On Thursday, 7th August, 2008, conflict between Russia and Georgia exploded after President Saakashvili sent in his troops into the breakaway region of South Ossetia clashing with Russian peacekeepers as well as South Ossetian forces. As a frequent visitor to Georgia and South Ossetia since the end of the Soviet Union, various media asked for my views which usualy differed from the "experts" who had not been there. Here are some of my responses (as edited by the newspapers which published them):
(1) The Guardian (9th August, 2008) :
Plucky little Georgia? No, the cold war reading won't washIt is crudely simplistic to cast Russia as the sole villain in the clashes over South Ossetia. The west would be wise to stay out.
For many people the sight of Russian tanks streaming across a border in August has uncanny echoes of Prague 1968. That cold war reflex is natural enough, but after two decades of Russian retreat from those bastions it is misleading. Not every development in the former Soviet Union is a replay of Soviet history.
The clash between Russia and Georgia over South Ossetia, which escalated dramatically yesterday, in truth has more in common with the Falklands war of 1982 than it does with a cold war crisis. When the Argentine junta was basking in public approval for its bloodless recovery of Las Malvinas, Henry Kissinger anticipated Britain's widely unexpected military response with the comment: "No great power retreats for ever." Maybe today Russia has stopped the long retreat to Moscow which started under Gorbachev.
Back in the late 1980s, as the USSR waned, the red army withdrew from countries in eastern Europe which plainly resented its presence as the guarantor of unpopular communist regimes. That theme continued throughout the new republics of the deceased Soviet Union, and on into the premiership of Putin, under whom Russian forces were evacuated even from the country's bases in Georgia.
To many Russians this vast geopolitical retreat from places which were part of Russia long before the dawn of communist rule brought no bonus in relations with the west. The more Russia drew in its horns, the more Washington and its allies denounced the Kremlin for its imperial ambitions.
Unlike in eastern Europe, for instance, today in breakaway states such as South Ossetia or Abkhazia, Russian troops are popular. Vladimir Putin's picture is more widely displayed than that of the South Ossetian president, the former Soviet wrestling champion Eduard Kokoity. The Russians are seen as protectors against a repeat of ethnic cleansing by Georgians.
In 1992, the west backed Eduard Shevardnadze's attempts to reassert Georgia's control over these regions. The then Georgian president's war was a disaster for his nation. It left 300,000 or more refugees "cleansed" by the rebel regions, but for Ossetians and Abkhazians the brutal plundering of the Georgian troops is the most indelible memory.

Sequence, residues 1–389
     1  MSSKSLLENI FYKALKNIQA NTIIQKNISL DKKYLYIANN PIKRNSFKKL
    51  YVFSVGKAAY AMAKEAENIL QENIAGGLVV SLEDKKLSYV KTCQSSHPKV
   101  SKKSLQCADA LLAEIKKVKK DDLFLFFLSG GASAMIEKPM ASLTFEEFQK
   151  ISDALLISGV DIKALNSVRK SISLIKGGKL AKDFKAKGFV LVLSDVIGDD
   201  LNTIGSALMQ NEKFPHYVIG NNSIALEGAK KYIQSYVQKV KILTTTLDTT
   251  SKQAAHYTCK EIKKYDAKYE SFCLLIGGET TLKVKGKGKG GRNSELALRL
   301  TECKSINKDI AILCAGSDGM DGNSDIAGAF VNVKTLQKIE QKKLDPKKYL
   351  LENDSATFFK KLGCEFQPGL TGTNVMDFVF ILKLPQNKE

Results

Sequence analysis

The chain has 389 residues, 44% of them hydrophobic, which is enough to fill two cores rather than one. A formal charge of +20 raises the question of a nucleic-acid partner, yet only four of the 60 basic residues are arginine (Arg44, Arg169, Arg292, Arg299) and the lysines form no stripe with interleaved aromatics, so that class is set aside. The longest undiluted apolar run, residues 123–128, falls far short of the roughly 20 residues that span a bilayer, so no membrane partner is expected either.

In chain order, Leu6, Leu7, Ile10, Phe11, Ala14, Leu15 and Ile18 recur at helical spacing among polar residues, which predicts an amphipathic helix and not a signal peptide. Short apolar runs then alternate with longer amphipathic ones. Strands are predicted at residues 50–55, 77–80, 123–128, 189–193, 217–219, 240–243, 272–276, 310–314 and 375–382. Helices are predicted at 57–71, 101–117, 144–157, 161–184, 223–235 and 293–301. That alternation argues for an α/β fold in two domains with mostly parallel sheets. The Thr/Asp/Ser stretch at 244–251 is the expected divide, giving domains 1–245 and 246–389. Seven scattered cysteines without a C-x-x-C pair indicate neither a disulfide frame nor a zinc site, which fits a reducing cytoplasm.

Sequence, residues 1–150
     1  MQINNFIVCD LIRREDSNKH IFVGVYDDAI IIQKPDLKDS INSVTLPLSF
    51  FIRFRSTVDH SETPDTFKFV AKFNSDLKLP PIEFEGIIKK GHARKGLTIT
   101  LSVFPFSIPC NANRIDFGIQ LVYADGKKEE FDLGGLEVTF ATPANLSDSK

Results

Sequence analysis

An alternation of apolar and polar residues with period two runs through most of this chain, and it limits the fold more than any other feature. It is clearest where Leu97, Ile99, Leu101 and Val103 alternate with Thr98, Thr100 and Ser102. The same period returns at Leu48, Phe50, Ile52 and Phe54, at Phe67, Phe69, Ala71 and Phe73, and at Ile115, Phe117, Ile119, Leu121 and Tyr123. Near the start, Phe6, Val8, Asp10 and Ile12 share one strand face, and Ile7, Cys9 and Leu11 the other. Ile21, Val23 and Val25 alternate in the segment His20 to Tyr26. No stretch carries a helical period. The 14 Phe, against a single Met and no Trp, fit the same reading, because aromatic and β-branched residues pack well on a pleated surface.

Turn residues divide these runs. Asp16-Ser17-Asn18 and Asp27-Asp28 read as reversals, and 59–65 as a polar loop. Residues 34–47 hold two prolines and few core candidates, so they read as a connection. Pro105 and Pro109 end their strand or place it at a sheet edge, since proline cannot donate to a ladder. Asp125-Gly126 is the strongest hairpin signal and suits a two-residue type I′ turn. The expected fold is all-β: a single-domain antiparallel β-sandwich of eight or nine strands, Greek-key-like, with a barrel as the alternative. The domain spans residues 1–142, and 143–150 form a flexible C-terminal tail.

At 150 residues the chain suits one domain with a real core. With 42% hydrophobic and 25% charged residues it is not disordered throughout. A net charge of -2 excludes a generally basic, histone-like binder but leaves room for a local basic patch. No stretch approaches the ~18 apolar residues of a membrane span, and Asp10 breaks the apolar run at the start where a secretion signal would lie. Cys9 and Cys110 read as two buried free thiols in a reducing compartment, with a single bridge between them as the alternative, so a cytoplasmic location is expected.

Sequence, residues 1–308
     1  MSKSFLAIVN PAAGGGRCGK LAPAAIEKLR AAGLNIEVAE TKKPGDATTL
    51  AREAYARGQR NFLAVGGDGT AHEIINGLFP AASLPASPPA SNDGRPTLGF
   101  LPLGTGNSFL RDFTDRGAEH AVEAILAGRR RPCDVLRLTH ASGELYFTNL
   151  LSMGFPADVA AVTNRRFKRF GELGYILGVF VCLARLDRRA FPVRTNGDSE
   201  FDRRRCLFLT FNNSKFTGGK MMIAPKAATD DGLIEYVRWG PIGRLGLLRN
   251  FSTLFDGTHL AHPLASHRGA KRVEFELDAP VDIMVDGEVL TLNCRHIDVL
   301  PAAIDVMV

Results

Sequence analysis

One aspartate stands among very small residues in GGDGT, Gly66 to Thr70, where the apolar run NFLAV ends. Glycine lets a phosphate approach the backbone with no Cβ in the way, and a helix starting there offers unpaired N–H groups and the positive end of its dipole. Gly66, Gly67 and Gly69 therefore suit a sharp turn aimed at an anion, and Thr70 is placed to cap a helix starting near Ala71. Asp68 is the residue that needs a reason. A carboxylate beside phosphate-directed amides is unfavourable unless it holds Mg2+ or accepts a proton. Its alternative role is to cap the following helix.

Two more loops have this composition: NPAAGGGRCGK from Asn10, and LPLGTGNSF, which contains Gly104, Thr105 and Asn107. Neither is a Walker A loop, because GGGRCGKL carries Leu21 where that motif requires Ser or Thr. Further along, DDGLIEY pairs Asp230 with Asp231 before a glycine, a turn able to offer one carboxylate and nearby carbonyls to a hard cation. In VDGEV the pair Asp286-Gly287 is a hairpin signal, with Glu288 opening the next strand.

Georgians have nursed their humiliation ever since. Although Mikheil Saakashvili has done little for the refugees since he came to power early in 2004 - apart from move them out of their hostels in central Tbilisi to make way for property development - he has spent 70% of the Georgian budget on his military. At the start of the week he decided to flex his muscles.
Devoted to achieving Nato entry for Georgia, Saakashvili has sent troops to Iraq and Afghanistan - and so clearly felt he had American backing. The streets of the Georgian capital are plastered with posters of George W Bush alongside his Georgian protege. George W Bush avenue leads to Tbilisi airport. But he has ignored Kissinger's dictum: "Great powers don't commit suicide for their allies." Perhaps his neoconservative allies in Washington have forgotten it, too. Let's hope not.
Like Galtieri in 1982, Saakashvili faces a domestic economic crisis and public disillusionment. In the years since the so-called Rose revolution, the cronyism and poverty that characterised the Shevardnadze era have not gone away. Allegations of corruption and favouritism towards his mother's clan, together with claims of election fraud, led to mass demonstrations against Saakashvili last November. His ruthless security forces - trained, equipped and subsidised by the west - thrashed the protesters. Lashing out at the Georgians' common enemy in South Ossetia would certainly rally them around the president, at least in the short term.
Last September, President Saakashvili suddenly turned on his closest ally in the Rose revolution, defence minister Irakli Okruashvili. Each man accused his former blood brother of mafia links and profiting from contraband. Whatever the truth, the fact that the men seen by the west as the heroes of a post-Shevardnadze clean-up accused each other of vile crimes should warn us against picking a local hero in Caucasian politics.
Western geopolitical commentators stick to cold war simplicities about Russia bullying plucky little Georgia. However, anyone familiar with the Caucasus knows that the state bleating about its victim status at the hands of a bigger neighbour can be just as nasty to its smaller subjects. Small nationalisms are rarely sweet-natured.